With the general election just several days away, it is time to usher in the endgames analysis. In politics, a lot can change in just a few days, but at the same time, no one can change the fundamentals. If you have been behind at the 1 year mark, losing at the 6 month mark, and still about the same distance back a week before the election, the writing is on the wall.
Nonetheless, though we are pretty certain the Conservatives will prevail in the national popular vote, Labour and the Lib Dems are fully in contention for second place. However, given the advantages that the UK electoral system gives to the “incumbent” top two parties, Labour will far outstrip the Liberal Democrats in their MP haul. Indeed, with the Lib Dems ahead by a point, the FiveThirtyEight projection model still has Labour nearly doubling the Lib Dems seat totals.
The following three scenarios are ranked by their relative likelihood overall.*
Scenario 1: Hung Parliament (minority government) to the Tories
If the current situation stands, the Conservatives will earn a minority win — the hung parliament scenario that has been bounced around as a possible outcome for some time.
However, from this point, things could slightly deteriorate for the Tories with them still pulling an MP plurality (assuming no Labour-LD coalition).
In this scenario, we posit that Tory support drops 4 points from it’s current position from a combination of high defection to minor parties like UKIP and the BNP (5 percent), 10 percent pulled away by the Lib Dems, and 10 percent of the Tories 2005 voters simply not voting. Nonetheless, they still walk away with a 8 seats plurality over Labour, though in a severely weakened position.
Scenario 2: Conservative Majority
On the other end of things, let us examine what might happen if Labour are not able to sufficiently rally in the closing week — instead losing big. A year ago, when the Tories were seeing polling leads over Labour of 15-20 points, a Conservative majority seemed a foregone conclusion. Of course, the race has tightened substantially, especially with the addition of a powerful Lib Dem showing.
If David Cameron can hold his defections to Labour and minor parties to an absolute minimum, turn out his base voters from 2005 (losing few to stay-home crowd), as well as keeping losses to the Lib Dems to the expected 5 percent, a bare majority is in store.
At the same time, let’s assume that Labour pull just 23 percent– the lowest figure they fell to in recent polling (courtesy of Angus Reid, though Harris had them on 24 during the same period) — while keeping the rest equal.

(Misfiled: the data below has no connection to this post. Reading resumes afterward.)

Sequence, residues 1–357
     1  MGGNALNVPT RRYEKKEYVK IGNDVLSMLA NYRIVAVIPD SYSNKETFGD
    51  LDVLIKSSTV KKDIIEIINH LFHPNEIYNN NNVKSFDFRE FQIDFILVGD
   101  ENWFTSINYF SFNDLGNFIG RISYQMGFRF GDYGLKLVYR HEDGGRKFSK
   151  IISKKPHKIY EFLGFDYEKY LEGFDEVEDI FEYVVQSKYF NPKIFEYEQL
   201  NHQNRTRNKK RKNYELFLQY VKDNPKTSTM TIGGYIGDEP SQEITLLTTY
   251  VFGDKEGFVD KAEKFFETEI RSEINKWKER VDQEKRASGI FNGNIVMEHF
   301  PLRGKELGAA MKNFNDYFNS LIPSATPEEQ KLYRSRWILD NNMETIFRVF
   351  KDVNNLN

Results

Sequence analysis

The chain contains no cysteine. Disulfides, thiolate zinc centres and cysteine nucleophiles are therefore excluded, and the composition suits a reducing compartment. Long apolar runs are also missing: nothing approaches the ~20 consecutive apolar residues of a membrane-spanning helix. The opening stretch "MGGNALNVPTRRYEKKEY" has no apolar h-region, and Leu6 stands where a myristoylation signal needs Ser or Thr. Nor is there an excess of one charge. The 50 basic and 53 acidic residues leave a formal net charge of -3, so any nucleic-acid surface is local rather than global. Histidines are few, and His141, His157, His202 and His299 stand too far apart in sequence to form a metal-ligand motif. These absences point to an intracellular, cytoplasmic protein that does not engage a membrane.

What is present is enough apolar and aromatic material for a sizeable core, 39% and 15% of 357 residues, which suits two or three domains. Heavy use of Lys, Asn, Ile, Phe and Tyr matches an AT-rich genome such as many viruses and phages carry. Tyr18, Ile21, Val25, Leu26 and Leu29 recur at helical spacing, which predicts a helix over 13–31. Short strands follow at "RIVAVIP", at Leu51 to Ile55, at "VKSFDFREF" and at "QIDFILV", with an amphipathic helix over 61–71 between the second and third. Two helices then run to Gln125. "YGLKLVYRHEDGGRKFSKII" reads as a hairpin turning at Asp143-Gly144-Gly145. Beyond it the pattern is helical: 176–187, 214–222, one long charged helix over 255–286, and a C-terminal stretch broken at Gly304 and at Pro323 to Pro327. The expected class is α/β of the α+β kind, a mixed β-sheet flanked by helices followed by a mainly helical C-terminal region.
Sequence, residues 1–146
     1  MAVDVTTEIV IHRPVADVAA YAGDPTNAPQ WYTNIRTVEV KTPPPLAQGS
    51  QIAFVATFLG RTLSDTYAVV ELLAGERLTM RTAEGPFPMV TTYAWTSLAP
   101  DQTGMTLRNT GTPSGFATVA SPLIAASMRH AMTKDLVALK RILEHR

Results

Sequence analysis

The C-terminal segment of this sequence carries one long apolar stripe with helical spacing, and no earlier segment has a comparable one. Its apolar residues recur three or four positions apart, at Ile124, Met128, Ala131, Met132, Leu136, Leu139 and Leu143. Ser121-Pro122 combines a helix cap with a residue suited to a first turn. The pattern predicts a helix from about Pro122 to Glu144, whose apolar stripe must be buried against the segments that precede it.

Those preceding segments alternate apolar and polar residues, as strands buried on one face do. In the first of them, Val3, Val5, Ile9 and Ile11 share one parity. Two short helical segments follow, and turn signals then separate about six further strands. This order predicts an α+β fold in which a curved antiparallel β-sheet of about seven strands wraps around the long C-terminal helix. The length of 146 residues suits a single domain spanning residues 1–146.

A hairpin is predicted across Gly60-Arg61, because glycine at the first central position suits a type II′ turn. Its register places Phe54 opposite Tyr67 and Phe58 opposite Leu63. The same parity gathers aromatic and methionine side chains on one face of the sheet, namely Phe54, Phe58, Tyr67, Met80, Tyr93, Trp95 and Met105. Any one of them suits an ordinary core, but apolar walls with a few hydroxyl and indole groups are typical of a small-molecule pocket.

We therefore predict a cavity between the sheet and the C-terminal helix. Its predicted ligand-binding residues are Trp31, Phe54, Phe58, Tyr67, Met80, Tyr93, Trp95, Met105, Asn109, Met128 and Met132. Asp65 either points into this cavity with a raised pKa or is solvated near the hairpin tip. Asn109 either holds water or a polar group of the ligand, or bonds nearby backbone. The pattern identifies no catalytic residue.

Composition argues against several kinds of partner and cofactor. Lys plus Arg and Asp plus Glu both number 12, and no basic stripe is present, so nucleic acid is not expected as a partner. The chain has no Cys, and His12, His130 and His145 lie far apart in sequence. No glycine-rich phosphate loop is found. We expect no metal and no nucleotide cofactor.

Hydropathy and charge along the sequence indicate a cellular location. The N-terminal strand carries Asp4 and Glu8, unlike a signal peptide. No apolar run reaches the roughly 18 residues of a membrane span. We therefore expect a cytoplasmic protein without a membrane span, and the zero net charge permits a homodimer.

In the case that the majority of the lost Labour voters who still cast a ballot move to the Lib Dems, the Tories will see a substantial, but not enormous 12-seat majority (though nearly 200 seats above the next largest party.
However, if they were split evenly between the two, we would see a quite imposing Tory majority.
A long shot at this point, a Labour “win” is still possible. If we were to see Tory weakness along the lines we described in Scenario 1 (losses to minor parties, Lib Dems and non-voters), while Labour held the line against the Liberal Democrats — holding their losses to 10 percent of their 2005 voters — a Frankenstein win could be pulled off.
Until these conditions — relatively unlikely but still quite possible conditions, mind you — Labour could pull off a 13 seat plurality of seats, while sneaking in third place in the national popular vote.
Of course, these are just several of perhaps 15 or 20 endgame scenarios for the last week of this very exciting election campaign. We’ll introduce a few more in the coming days, as well as presented an updated projection with our prediction as to which one it will be.
On Wednesday evening, a final prediction will go up, and on Thursday the FiveThirtyEight team (Nate Silver, Dan Berman, Tom Dollar and myself) will keep you up to date with liveblog entries.
Renard Sexton is FiveThirtyEight’s international affairs columnist and is based in Geneva, Switzerland. He can be contacted at email@example.com
*As a side note and point of interest: in 2005 the polling average of the British Polling Council members almost unanimously overshot Labour’s share — by an average of 1.4 points; while they were closer but still tended a point low on the Conservatives. While they have undoubtedly adjusted their methods to account for this, there may be some level of “shy tory” responses or industry-wide house effect left in the pipes.